492
+
  493
+...each ``Person`` instance will have a ``get_gender_display()`` method. Example::
  494
+
  495
+    >>> p = Person(name='John', gender='M')
  496
+    >>> p.save()
  497
+    >>> p.gender
  498
+    'M'
  499
+    >>> p.get_gender_display()
  500
+    'Male'
  501
+
  502
+get_next_by_FOO(**kwargs) and get_previous_by_FOO(**kwargs)
  503
+-----------------------------------------------------------
  504
+
  505
+For every ``DateField`` and ``DateTimeField`` that does not have ``null=True``,
  506
+the object will have ``get_next_by_FOO()`` and ``get_previous_by_FOO()``
  507
+methods, where ``FOO`` is the name of the field. This returns the next and
  508
+previous object with respect to the date field, raising the appropriate
  509
+``*DoesNotExist`` exception when appropriate.
  510
+
  511
+Both methods accept optional keyword arguments, which should be in the format
  512
+described in "Field lookups" above.
  513
+
  514
+get_FOO_filename()
  515
+------------------
  516
+
  517
+For every ``FileField``, the object will have a ``get_FOO_filename()`` method,
  518
+where ``FOO`` is the name of the field. This returns the full filesystem path
  519
+to the file, according to your ``MEDIA_ROOT`` setting.
  520
+
  521
+Note that ``ImageField`` is technically a subclass of ``FileField``, so every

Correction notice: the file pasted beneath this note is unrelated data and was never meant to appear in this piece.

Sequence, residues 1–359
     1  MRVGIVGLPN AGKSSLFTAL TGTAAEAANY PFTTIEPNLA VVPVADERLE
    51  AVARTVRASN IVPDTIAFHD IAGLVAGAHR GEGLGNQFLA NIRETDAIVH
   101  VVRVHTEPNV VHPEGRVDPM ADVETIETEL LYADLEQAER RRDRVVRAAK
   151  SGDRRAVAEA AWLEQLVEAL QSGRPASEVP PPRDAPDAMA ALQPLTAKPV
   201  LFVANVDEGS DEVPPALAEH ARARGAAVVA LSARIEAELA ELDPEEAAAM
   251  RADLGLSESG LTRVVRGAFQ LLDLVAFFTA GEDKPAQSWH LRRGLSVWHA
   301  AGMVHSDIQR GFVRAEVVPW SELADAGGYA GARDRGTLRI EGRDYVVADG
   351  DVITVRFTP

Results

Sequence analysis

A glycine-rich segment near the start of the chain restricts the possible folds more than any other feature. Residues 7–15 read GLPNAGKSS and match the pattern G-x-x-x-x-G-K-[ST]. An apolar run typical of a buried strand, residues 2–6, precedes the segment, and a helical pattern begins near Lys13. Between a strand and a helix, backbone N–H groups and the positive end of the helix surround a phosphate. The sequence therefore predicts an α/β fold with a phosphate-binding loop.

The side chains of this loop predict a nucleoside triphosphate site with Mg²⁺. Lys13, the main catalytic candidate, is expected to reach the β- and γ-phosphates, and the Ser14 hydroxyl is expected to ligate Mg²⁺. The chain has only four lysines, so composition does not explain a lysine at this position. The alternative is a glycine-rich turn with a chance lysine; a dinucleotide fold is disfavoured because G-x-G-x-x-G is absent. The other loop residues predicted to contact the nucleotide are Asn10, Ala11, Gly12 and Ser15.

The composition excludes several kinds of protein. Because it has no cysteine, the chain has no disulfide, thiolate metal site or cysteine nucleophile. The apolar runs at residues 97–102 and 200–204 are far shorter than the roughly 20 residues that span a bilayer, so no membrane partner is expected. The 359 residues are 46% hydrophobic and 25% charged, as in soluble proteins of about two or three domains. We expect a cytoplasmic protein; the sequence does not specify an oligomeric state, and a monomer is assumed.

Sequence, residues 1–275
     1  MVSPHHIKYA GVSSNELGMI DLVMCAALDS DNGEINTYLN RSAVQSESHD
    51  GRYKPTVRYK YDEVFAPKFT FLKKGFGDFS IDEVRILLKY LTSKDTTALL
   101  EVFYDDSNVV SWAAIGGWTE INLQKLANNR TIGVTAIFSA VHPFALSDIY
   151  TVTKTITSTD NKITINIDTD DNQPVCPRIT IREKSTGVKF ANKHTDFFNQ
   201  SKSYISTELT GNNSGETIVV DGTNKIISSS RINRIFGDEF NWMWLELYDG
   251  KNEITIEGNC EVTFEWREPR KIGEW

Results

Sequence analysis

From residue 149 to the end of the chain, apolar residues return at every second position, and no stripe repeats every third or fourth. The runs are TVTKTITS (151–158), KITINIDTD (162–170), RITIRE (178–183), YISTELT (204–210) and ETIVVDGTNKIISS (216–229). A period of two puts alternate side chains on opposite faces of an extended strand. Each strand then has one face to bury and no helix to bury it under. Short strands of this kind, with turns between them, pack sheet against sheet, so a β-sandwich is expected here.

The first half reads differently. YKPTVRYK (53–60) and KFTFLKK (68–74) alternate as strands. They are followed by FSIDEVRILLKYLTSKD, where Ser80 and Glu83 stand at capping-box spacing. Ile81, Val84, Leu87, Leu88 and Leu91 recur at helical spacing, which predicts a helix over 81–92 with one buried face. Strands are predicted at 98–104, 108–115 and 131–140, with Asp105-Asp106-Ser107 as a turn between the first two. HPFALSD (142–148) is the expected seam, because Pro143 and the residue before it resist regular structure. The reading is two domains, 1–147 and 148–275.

522
+model with an ``ImageField`` will also get this method.
  523
+
  524
+get_FOO_url()
  525
+-------------
  526
+
  527
+For every ``FileField``, the object will have a ``get_FOO_filename()`` method,
  528
+where ``FOO`` is the name of the field. This returns the full URL to the file,
  529
+according to your ``MEDIA_URL`` setting. If the value is blank, this method
  530
+returns an empty string.
  531
+
  532
+get_FOO_size()
  533
+--------------
  534
+
  535
+For every ``FileField``, the object will have a ``get_FOO_filename()`` method,
  536
+where ``FOO`` is the name of the field. This returns the size of the file, in
  537
+bytes. (Behind the scenes, it uses ``os.path.getsize``.)
  538
+
  539
+save_FOO_file(filename, raw_contents)
  540
+-------------------------------------
  541
+
  542
+For every ``FileField``, the object will have a ``get_FOO_filename()`` method,
  543
+where ``FOO`` is the name of the field. This saves the given file to the
  544
+filesystem, using the given filename. If a file with the given filename already
  545
+exists, Django adds an underscore to the end of the filename (but before the
  546
+extension) until the filename is available.